International Literature Festival Dublin 2017 presents Herstory Salon: Ireland’s Lost Muses in Smock Alley Theatre, Thursday 25 May at 6p.m., followed by a reception at The Workman’s Club, Wellington Quay. Speakers include Mary McAuliffe, Assistant Professor of Women’s Studies at UCD, and author Eleanor Fitzsimons, with poetry by Dani Gill and Maria Bourke. The event marks the first anniversary of Herstory, Ireland’s new cultural movement created to tell the life stories of historical, contemporary and mythological women.

To discover more about Herstory please visit www.herstory.ie & to find out more about Wilde’s Women by Eleanor Fitzsimons visit here.

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Oscar Wilde & George Bernard Shaw: An Uneasy Admiration

I was delighted with the very warm welcome I received when I addressed the Shaw Society on links between Oscar Wilde and George Bernard Shaw in London last week. Shaw features in my book Wilde’s Women but I added much more detail for the occasion. I have reproduced my script here (warning, it’s a long one!)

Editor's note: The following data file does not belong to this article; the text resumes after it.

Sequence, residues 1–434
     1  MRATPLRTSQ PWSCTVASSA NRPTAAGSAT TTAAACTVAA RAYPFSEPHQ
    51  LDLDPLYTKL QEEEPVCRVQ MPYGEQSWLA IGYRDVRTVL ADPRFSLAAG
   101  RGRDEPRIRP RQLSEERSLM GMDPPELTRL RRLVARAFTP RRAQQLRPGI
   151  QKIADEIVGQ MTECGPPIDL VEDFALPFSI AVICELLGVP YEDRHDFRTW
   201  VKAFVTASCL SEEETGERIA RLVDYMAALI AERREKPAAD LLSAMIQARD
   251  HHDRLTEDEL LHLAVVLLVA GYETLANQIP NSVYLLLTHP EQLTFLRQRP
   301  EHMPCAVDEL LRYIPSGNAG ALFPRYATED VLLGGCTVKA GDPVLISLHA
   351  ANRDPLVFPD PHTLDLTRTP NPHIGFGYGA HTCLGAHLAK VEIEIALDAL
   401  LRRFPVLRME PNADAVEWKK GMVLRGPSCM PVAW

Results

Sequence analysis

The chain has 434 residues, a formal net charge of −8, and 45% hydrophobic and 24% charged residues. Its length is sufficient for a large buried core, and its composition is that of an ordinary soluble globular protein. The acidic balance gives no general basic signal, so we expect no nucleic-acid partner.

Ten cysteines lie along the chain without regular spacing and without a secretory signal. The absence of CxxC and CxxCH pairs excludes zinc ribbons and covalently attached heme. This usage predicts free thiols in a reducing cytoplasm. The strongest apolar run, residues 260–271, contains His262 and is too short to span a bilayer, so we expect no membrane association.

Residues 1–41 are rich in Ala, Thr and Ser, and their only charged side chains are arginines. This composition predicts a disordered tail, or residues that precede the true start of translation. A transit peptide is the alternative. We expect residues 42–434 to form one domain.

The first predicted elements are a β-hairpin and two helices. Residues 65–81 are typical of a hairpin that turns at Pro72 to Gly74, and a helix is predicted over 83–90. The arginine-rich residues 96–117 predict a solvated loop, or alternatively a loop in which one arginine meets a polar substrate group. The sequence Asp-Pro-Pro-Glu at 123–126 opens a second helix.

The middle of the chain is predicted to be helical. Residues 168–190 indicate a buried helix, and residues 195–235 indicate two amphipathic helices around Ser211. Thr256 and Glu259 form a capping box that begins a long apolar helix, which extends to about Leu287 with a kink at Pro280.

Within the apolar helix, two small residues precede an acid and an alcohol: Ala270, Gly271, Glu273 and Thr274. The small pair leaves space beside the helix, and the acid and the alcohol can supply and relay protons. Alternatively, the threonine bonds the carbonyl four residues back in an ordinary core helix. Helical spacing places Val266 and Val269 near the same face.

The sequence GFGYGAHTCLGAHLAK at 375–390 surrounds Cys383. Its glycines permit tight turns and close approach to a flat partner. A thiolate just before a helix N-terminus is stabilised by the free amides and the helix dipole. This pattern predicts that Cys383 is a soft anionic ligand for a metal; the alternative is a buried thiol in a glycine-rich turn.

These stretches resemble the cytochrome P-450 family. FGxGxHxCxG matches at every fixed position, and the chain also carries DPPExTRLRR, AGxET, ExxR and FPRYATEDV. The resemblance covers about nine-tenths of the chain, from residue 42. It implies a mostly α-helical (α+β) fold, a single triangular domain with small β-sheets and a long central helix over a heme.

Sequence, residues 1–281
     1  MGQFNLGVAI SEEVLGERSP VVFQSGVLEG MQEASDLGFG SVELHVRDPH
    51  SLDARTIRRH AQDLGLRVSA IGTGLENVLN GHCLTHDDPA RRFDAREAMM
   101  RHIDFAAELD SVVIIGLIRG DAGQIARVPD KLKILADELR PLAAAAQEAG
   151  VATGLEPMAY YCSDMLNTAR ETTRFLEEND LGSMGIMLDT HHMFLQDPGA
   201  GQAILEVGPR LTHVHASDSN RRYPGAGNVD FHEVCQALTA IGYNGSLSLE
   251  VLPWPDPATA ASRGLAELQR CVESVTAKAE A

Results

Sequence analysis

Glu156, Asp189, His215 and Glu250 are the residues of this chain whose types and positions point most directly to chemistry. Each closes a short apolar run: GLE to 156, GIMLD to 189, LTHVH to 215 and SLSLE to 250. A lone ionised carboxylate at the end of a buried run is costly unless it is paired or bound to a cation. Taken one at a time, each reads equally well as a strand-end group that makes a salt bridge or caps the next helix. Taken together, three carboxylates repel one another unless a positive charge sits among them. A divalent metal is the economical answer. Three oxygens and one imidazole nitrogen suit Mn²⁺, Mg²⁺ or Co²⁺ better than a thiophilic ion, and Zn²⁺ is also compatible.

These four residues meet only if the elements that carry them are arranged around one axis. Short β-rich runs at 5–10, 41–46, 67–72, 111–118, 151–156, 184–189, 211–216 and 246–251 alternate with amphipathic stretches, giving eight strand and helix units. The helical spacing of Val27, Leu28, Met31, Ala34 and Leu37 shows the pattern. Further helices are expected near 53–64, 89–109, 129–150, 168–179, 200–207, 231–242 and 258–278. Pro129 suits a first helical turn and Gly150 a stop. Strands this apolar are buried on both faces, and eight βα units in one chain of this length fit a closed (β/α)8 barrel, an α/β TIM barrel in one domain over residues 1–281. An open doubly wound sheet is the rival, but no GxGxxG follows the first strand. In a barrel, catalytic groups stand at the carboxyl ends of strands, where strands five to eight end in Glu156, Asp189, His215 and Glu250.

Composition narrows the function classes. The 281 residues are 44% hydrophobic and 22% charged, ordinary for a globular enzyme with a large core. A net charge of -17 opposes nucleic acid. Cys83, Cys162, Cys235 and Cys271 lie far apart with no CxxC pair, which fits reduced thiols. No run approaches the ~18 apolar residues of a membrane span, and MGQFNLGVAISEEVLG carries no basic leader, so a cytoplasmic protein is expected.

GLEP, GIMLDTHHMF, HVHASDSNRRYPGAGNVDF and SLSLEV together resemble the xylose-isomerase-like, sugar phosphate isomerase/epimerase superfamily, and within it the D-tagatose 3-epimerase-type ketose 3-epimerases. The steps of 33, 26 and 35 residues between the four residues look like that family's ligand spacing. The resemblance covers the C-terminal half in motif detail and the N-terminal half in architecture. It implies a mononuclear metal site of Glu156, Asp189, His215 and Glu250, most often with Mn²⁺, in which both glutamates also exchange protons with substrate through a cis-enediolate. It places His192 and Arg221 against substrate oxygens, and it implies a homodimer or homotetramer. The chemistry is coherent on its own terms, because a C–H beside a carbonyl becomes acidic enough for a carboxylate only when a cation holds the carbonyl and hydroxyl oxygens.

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OSCAR WILDE AND GEORGE BERNARD SHAW FOR THE SHAW SOCIETY

27 OCTOBER 2016

CONWAY HALL

Oscar Wilde and George Bernard Shaw had much in common. Both Dubliners, born within twenty minutes walk of each other. Both of a similar age: Wilde was less than two years older than Shaw. Both inventive men who remained dogged in their questioning of the status quo. Together, they were recognised as the first Irish playwrights in decades to make an impact on the London stage

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Yet, they were wildly different in both temperament and inclination, and, as a result, they developed no more than an uneasy and rather distant relationship. They never became close friends and met on only a handful of occasions, mostly by chance rather than arrangement. Despite this coolness, each held the other’s talent in high regard and both were influenced by ideas conceived by the other.